27
May , 2018
Sunday

By M. Starita Boyce Ansari, Ph.D.   Nationwide (BlackNews.com) -- Fifty years ago, Americans from community after ...
Kevin P. Durkin and Colin H. Dunn, partners at Clifford Law Offices, obtained a $22.7 ...
Comptroller details ramifications of status quo CHICAGO, IL – Illinois Comptroller Leslie Geissler Munger on Thursday ...
  Ex-cabinet member recalls his historic votes     By Chinta Strausberg   The funeral for retired U.S. Congressman Gus Savage, ...
Julee Nist brings vast experience as educator and leader to the school   JACKSONVILLE, IL – The ...
SPRINGFIELD, IL — The Illinois State Board of Education (ISBE) announced the availability ...
Attorney General Joins with Advocates in Calling for Elimination of Criminal Statutes of Limitations for ...
WASHINGTON, DC - Congressional Black Caucus (CBC) Chair Marcia L. Fudge (OH-11) released the ...
THE AUDIENCE HAS SPOKEN The Audience Choice Awards, Presented by ...
CHICAGO, IL – The Illinois Department of Financial and Professional Regulation (IDFPR) is working ...

Archive for September 14th, 2011

Despite claims of a "Post-Racial" society, widespread bias continues in America

Posted by Admin On September - 14 - 2011 ADD COMMENTS

 

By Marjorie Valbrun
America’s Wire

 

Washington, DC (BlackNews.com) — Recent public opinion polls show that more whites than African-Americans believe that the United States has entered a “post-racial” era in which racial bias doesn’t exist. But social psychologists and experts on race relations dispute that, citing wide racial disparities in education, unemployment, housing, health, wealth, incarceration rates and other quality-of-life measurements as proof of persistent structural racism in American society.

“It’s time for us to change our approach to polling,” says Dr. Gail C. Christopher, vice president for program strategy at the W.K. Kellogg Foundation, which promotes the welfare of children and works to strengthen families and communities. She believes that polls about race are overgeneralized and fail to address whether people understand more nuanced questions about what constitutes modern discrimination.

Christopher says most people are unfamiliar with the term “structural racism,” which has been defined as “a system of social structures that produce cumulative, durable, race-based inequalities,” and likely couldn’t define it if polled. However, most people, she says, could answer questions about specific racial barriers to opportunities.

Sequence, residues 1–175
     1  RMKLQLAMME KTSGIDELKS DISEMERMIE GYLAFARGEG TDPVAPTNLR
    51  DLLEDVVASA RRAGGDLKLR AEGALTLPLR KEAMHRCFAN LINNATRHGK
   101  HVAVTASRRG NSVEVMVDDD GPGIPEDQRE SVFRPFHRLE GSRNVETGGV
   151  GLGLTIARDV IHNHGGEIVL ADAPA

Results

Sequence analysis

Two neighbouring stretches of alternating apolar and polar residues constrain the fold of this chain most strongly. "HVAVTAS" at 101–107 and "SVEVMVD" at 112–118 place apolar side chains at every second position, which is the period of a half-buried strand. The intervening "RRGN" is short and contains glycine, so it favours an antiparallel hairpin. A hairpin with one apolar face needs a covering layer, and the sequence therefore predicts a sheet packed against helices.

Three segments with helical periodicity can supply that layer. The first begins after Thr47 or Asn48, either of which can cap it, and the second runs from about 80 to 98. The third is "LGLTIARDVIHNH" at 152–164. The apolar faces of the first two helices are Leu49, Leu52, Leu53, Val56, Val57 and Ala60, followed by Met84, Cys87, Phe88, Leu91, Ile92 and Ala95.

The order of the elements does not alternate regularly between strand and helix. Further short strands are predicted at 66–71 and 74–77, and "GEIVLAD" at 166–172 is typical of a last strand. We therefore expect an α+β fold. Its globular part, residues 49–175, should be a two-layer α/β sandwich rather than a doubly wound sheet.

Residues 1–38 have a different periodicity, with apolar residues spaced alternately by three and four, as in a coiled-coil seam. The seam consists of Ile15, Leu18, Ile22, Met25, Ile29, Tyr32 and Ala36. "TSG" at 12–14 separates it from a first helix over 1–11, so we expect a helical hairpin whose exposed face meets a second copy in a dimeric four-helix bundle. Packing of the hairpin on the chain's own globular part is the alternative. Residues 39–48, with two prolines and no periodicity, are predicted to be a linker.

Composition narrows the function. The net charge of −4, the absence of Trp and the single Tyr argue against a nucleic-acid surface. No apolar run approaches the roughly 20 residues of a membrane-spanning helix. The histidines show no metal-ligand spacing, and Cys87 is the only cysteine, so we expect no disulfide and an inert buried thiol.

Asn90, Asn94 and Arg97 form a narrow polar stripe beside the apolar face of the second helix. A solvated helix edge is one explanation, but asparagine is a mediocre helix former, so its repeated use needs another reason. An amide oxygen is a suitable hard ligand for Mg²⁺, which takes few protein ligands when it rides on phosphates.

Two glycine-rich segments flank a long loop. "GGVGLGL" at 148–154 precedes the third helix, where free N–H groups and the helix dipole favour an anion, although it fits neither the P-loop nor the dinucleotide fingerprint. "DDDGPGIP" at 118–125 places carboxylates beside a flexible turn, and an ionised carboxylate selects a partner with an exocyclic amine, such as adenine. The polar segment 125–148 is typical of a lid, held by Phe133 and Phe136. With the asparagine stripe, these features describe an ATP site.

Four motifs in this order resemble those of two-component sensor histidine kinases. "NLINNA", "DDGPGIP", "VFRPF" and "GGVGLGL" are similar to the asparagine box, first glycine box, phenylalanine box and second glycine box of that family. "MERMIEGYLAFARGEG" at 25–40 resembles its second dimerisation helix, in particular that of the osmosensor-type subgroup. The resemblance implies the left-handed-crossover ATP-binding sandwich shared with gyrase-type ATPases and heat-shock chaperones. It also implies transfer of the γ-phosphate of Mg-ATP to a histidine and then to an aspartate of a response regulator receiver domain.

“What we have done in our polling and in trying to educate the public is interview teachers, doctors, social workers, lawyers, people who have the most interaction with children of color,” Christopher says. “They may not know what structural racism is, but they know that there are barriers to opportunities for these children because of the daily interactions that they have with these children.”

Part of the problem is how Americans think about racial discrimination, says Algernon Austin, director of the Race, Ethnicity, and the Economy program at the Economic Policy Institute in Washington.

“One of the legacies of the civil rights era is that we have a very powerful visual image of racism coming from media images of the civil rights movement,” he says.

These images make people look for obvious examples of racism that are no longer commonplace – identifiable and openly hostile and racist characters such as Bull Connor or Ku Klux Klan members in white hoods. “Not the sort of day-to day-discrimination that we have now,” Austin says.

“People look for these hateful angry people, but what’s more important is for people to look at these broad institutional practices,” Austin says. “While we have removed the laws that prevent black students from accessing integrated, high-quality education, we still have the same type of segregated and unequal schools there were in the 1950s. The same goes for housing patterns and criminal justice practices. While there are no legal barriers, we still have de facto barriers. By law, they have been removed, but by practice they’re still there.”